Other Teen Prodigies to Coco Gauff: ‘Don’t Read Everything About You’
WIMBLEDON, England — Whatever happens in the second week of Wimbledon, Coco Gauff already has made a huge impact less than four months after turning 15.
“No matter how she does the rest of the way, she’s already won our hearts,” said Chris Evert, an 18-time Grand Slam singles champion.
Evert won a few hearts of her own when, at the age of 16, she reached the semifinals of the 1971 United States Open in her first Grand Slam tournament. She generated front-page stories and international buzz as the youngest semifinalist of the Open era, even if Grand Slam tournaments were not as career defining then as they are now.
Like Gauff, who has reached Monday’s fourth round while playing all of her main-draw matches on one of Wimbledon’s two biggest show courts, Evert was a regular on center court in her debut at the West Side Tennis Club in Forest Hills, Queens, where the U.S. Open was played until 1978.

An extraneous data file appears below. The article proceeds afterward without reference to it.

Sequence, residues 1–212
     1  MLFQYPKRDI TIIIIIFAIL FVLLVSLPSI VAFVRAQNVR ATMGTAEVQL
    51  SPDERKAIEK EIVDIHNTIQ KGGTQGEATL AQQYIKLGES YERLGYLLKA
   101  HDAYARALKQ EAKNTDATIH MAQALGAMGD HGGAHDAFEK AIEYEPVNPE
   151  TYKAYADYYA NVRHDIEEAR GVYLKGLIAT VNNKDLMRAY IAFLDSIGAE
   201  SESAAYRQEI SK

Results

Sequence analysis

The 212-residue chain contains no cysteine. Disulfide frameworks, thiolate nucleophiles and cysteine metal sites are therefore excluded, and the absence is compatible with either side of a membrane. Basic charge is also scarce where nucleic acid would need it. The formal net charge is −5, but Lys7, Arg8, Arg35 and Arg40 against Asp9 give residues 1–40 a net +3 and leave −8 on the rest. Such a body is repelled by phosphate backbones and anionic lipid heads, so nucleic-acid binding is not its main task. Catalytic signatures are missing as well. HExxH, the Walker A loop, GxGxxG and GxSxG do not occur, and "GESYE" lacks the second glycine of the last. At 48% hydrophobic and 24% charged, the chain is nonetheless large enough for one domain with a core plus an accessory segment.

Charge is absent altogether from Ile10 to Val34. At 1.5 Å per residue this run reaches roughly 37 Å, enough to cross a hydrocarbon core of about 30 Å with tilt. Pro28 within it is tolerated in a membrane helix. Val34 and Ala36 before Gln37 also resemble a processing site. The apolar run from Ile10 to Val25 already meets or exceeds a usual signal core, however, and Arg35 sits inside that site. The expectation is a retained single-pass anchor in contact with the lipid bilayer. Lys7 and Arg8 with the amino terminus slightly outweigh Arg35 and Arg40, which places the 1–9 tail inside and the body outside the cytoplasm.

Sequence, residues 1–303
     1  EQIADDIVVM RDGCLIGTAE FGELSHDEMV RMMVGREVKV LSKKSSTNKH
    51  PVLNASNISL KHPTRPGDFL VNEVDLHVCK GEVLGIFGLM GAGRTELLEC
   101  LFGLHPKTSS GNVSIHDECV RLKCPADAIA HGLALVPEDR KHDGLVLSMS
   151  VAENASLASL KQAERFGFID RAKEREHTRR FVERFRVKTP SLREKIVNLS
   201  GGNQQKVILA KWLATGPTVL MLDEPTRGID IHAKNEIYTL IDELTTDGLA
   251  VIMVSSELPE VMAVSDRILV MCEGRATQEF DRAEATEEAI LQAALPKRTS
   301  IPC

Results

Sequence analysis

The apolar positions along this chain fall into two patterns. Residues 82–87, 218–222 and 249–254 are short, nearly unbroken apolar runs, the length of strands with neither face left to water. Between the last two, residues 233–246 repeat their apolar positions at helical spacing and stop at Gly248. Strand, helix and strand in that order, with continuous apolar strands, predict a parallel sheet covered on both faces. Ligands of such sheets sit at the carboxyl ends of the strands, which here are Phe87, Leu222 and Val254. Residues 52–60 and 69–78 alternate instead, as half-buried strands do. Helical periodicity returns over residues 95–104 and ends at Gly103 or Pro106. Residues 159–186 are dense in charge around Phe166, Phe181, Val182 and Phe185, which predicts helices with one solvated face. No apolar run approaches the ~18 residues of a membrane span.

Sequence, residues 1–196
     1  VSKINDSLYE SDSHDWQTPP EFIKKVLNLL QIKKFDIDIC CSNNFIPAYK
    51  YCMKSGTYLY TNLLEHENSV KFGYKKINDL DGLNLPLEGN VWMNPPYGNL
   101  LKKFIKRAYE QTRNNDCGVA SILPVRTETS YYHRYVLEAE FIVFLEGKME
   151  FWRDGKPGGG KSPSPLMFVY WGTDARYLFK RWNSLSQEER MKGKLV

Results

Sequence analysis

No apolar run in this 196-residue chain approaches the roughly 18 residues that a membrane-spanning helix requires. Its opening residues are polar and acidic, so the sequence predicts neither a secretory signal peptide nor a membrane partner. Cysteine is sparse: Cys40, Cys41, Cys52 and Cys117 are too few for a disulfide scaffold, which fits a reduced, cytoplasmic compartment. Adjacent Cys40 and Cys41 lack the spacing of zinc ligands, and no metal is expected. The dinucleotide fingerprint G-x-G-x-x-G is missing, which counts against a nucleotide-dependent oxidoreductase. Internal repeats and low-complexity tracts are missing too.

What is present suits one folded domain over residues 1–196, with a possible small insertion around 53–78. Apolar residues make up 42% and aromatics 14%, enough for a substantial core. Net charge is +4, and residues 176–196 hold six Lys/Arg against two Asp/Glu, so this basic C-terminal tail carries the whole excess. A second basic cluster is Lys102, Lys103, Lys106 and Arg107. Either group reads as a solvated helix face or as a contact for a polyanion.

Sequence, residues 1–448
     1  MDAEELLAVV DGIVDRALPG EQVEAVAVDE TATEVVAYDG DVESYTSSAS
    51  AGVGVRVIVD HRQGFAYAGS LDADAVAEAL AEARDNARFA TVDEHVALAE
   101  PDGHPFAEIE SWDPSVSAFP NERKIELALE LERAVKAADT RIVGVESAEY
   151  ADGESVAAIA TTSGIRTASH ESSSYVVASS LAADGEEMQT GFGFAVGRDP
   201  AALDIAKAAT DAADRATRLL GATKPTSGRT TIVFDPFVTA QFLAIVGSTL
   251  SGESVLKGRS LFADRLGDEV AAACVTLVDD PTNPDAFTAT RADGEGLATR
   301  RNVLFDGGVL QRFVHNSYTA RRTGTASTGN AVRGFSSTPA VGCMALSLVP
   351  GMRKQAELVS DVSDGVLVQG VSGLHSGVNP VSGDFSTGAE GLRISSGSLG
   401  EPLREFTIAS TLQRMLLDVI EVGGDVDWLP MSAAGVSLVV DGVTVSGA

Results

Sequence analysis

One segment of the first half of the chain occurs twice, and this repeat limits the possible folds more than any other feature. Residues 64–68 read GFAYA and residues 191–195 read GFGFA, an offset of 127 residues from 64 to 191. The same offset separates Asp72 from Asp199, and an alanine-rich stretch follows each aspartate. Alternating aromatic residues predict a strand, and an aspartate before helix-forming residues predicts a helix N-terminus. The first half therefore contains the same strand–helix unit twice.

“The crowd went wild,” Sports Illustrated wrote. “Tennis fans are not supposed to go wild.”
Sounds familiar. But that was undoubtedly a different era, where it was easier to manage the flow of information and the situation. An era when Evert, unlike Gauff, did not have a screen full of potential distractions within such easy reach.
“It was a big deal, there were big headlines every day, but that was really all we had,” Evert said. “There was no social media, not the amount of press people and attention from all over the globe. It was just a different world.”
Evert was still an amateur then and a student at St. Thomas Aquinas High School in Fort Lauderdale, Fla. She did not have an agent, relying on her father and coach, Jimmy, to handle business and media requests.
Gauff, whose first name is Cori, is home-schooled and already a professional with substantial off-court endorsement income. She is represented by Team8, co-founded by Roger Federer and his longtime agent Tony Godsick.